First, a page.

Man de la Maza

Monday, April 04, 2005

Rook Endings

I have become interested in rook endgames of late. I think this shows that perhaps I should seek professional help. Who in their right mind would willingly study rook endgames?

I think it is because rook endings are a puzzle to me. They are quite common, and yet I usually don't have any idea what I am aiming for. I started by reviewing the offerings in "Essential Endgames Explained Move by Move" -- Lucena, Philidor, and a few other war horses. I also take more time playing through the endings in Saddler's book (which I 'm still moving forward with). I have Nunn's "Secret's of Rook Endings" if a question should come up. Ultimately, I 'd like to know the endings well enough that I could know in the late middlegame whether I should transition to a rook endgame because it is a winner. Since this level of knowledge is basically unknown at the club level, it would give me quite an edge.


  • Speaking of rooks, did you notice that Blue Rook's blog vanished in smoke? (Which is a pun because smoke = rook in Dutch)

    By Blogger Temposchlucker, at 8:34 AM  

  • Rook endings are the place to start, behind King and pawn. Since the largest percentage of chess games end with these pieces on the board.
    I personally love Rook endings.
    Remember that an active Rook is a happy Rook, and you will do fine.

    By Blogger Sancho Pawnza, at 4:40 PM  

  • I think I had only about 3 times a rook ending the last 7 years. A friend of mine has 90% of the time an ending of knight vs bishop (which doesn't help him much though). So it seems that you can steer those things.

    By Blogger Temposchlucker, at 9:57 PM  

  • Tempo, I recall that you said that the majority of your games end in under 25 moves. Pretty hard to get in any endgame play in a game that short.

    By Blogger Don Q., at 5:00 AM  

  • I cannot remember when I've had the last rook-endgame.
    My games ends long before this in the chaos (?) of straight King attack. Whit rough gambit play I win or loose in 30 moves or less.

    By Blogger Margriet, at 8:02 AM  

  • I saw a book on Amazon called "Starting Out: Rook Endgames" that might be worth looking into. I've not seen it, so I can't give a recommendation either way.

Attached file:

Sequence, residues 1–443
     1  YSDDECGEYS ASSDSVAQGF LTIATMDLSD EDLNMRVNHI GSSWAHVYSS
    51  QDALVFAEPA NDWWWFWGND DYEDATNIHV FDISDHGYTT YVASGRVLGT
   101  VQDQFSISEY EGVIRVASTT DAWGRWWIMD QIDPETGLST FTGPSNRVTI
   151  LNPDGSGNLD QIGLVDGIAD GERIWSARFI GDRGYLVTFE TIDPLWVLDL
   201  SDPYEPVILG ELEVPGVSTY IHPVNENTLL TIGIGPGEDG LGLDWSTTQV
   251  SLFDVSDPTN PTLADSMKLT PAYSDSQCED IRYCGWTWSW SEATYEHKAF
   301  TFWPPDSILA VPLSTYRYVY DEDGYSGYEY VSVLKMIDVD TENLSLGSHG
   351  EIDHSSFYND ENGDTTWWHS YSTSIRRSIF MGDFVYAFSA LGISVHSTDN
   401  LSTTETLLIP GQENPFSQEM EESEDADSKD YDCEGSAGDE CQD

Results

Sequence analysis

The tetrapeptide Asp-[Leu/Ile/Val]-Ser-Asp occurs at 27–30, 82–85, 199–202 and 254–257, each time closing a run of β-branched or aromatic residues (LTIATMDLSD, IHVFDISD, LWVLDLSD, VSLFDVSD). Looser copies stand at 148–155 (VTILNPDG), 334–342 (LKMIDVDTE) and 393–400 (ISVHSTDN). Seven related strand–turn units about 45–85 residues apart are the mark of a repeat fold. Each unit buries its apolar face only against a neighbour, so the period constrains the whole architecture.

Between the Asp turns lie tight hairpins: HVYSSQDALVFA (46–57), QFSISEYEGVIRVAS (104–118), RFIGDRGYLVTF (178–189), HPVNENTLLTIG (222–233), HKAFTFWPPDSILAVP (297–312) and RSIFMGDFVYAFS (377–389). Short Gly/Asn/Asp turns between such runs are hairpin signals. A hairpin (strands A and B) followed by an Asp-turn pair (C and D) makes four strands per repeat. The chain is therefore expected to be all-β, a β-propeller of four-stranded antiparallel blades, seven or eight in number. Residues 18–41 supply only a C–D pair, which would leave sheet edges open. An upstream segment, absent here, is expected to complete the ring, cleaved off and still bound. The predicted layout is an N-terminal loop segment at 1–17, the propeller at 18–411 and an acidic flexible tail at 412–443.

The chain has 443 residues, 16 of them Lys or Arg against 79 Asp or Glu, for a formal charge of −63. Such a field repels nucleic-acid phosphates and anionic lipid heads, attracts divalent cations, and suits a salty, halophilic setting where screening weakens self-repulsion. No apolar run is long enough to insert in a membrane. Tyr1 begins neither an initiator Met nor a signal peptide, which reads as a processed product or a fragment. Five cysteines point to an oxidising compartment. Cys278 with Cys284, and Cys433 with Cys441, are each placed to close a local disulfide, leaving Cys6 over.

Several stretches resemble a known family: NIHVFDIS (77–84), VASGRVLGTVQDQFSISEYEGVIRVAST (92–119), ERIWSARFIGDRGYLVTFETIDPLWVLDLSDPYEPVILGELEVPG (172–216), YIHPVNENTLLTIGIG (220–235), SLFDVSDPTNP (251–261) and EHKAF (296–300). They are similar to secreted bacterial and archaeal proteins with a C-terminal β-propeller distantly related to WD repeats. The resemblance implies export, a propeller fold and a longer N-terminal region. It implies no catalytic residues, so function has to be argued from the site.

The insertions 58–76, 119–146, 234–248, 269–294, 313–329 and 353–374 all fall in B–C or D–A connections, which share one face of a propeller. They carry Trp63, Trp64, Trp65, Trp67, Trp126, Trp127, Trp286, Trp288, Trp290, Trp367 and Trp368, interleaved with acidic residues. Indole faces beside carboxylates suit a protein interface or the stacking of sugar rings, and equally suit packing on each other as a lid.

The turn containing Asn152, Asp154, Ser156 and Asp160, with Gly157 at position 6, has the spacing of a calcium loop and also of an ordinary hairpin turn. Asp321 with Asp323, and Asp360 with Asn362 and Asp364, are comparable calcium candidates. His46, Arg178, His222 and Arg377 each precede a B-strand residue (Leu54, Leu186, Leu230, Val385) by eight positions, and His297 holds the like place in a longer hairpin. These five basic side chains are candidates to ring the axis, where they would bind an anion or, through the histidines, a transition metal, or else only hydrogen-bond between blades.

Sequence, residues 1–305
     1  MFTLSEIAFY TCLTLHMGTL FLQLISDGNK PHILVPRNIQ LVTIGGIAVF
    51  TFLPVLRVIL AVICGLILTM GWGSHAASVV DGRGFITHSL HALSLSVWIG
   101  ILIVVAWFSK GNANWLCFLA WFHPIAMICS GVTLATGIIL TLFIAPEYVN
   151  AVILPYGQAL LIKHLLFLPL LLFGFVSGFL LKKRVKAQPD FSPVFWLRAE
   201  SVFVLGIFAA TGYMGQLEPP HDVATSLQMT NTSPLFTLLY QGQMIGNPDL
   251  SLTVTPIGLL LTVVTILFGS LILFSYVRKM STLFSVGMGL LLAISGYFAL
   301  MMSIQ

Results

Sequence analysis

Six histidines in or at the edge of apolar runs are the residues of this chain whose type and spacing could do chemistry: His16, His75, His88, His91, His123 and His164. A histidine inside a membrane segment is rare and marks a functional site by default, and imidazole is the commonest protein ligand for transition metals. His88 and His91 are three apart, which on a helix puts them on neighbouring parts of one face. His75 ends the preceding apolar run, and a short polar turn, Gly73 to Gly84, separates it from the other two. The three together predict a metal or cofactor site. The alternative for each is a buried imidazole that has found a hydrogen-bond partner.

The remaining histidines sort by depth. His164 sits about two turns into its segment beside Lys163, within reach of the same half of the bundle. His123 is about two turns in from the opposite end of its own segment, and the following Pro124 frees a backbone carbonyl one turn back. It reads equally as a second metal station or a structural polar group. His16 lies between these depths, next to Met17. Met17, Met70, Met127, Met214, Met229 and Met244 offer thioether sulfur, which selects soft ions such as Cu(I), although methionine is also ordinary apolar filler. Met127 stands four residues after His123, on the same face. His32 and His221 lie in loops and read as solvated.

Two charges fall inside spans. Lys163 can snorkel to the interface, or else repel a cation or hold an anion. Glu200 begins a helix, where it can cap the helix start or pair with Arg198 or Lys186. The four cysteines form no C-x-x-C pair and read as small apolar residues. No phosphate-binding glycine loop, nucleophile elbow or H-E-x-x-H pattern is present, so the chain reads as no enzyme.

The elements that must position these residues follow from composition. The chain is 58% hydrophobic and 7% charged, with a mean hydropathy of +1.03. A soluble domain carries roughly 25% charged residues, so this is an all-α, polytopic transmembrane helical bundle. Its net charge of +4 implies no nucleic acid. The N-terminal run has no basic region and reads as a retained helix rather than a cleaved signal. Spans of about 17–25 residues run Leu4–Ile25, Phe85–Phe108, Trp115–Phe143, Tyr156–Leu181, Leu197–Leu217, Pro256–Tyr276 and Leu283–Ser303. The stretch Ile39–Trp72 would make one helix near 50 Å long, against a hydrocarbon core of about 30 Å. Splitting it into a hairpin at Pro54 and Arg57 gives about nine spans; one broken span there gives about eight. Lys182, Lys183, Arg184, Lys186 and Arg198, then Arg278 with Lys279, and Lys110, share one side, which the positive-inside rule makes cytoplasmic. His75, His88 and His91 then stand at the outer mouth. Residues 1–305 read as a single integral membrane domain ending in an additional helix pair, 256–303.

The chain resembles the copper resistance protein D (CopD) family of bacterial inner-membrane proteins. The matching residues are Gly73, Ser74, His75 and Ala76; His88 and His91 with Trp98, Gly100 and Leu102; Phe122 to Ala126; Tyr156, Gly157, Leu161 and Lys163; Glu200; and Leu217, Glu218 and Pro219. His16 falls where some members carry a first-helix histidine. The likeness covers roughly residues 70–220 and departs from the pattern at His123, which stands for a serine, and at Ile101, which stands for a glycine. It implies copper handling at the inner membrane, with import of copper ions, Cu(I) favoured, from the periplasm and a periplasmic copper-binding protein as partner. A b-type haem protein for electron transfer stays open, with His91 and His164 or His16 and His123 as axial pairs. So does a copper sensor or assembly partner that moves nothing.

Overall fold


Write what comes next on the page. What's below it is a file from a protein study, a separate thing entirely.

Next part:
Tempo- Thanks for the Dutch lesson!

    By Blogger fussylizard, at 10:55 AM  

  • I think we have a winner - explaining your cross-language pun in a blog comment is a 10 on the geek scale.

    Anyway, I recommend Chris Ward's Endgame Play for information on basic rook endings. He does a nice job of explaining things. For a really awesome rook ending puzzle (one that I actually thought might arise in the Slacker Open) see Pal Benko's rook endgame study. A weird and beautiful one.

    The basic things to know if you don't want to track down Ward's book are that rooks belong behind passed pawns, both yours and his, that the lucena position is what you're aiming for up a pawn, the philidor position is what you're aiming for down a pawn, and that a kingside pawn majority alone with rook vs. rook is not enough to win.

    That last rule is little-known at lower levels and really pisses people off when they start to realize they can't win. I myself learned it the hard way in an online 30-minute game.

    Another rule worth knowing just so you don't get indoctrinated into the lazy version by some idiot is "two connected passed pawns on the sixth beat a lone rook." I know this because it's Short's rule, and it sometimes gets simplified into "two connected passed pawns beat a rook," false if the king is close enough to help, or worse, "two connected passed pawns beat a rook," a good recipe for losing horribly.

    It's also worth noting that in rook endings, Short's rule is one of the only practical exceptions to the old adage "a pawn is a pawn."

    By Blogger Adam P. Short, at 1:09 PM  

  • I mean "two connected passed pawns on the sixth beat a rook" is false if the king is close enough to help.

    By Blogger Adam P. Short, at 1:11 PM  

  • Don, have you been employing any sort of De La Mazan style study with your opening? Or is just sort of casual study time now? How is the chess going overall post 7 circles?

    By Blogger Pale Morning Dun - Errant Knight de la Maza, at 8:12 PM  

  • No, study is very casual. I've had enough of structured chess improvement for a while. now I'm just having fun.

    My game seems to have improved a bit, and I also seem to be on a bit of a lucky streak. Only objective test is the one rated game I play a week at club. I'd like to play in an good size tourney soon, but I'm not sure when that might be.

    By Blogger Don Q., at 8:48 PM  

Post a Comment

<< Home